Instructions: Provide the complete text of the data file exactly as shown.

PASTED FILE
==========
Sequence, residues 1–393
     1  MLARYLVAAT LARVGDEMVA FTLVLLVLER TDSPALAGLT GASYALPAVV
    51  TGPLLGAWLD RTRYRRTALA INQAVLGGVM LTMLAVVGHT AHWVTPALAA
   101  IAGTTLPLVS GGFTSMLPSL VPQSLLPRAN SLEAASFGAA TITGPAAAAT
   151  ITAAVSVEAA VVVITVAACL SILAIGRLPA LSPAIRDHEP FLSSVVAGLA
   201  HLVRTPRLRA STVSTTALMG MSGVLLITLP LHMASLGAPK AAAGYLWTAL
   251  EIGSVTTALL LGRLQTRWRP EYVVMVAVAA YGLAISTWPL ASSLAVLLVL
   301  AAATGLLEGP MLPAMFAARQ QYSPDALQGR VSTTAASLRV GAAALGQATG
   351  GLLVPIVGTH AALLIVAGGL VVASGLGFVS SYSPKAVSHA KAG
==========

Sequence, residues 1–393
     1  MLARYLVAAT LARVGDEMVA FTLVLLVLER TDSPALAGLT GASYALPAVV
    51  TGPLLGAWLD RTRYRRTALA INQAVLGGVM LTMLAVVGHT AHWVTPALAA
   101  IAGTTLPLVS GGFTSMLPSL VPQSLLPRAN SLEAASFGAA TITGPAAAAT
   151  ITAAVSVEAA VVVITVAACL SILAIGRLPA LSPAIRDHEP FLSSVVAGLA
   201  HLVRTPRLRA STVSTTALMG MSGVLLITLP LHMASLGAPK AAAGYLWTAL
   251  EIGSVTTALL LGRLQTRWRP EYVVMVAVAA YGLAISTWPL ASSLAVLLVL
   301  AAATGLLEGP MLPAMFAARQ QYSPDALQGR VSTTAASLRV GAAALGQATG
   351  GLLVPIVGTH AALLIVAGGL VVASGLGFVS SYSPKAVSHA KAG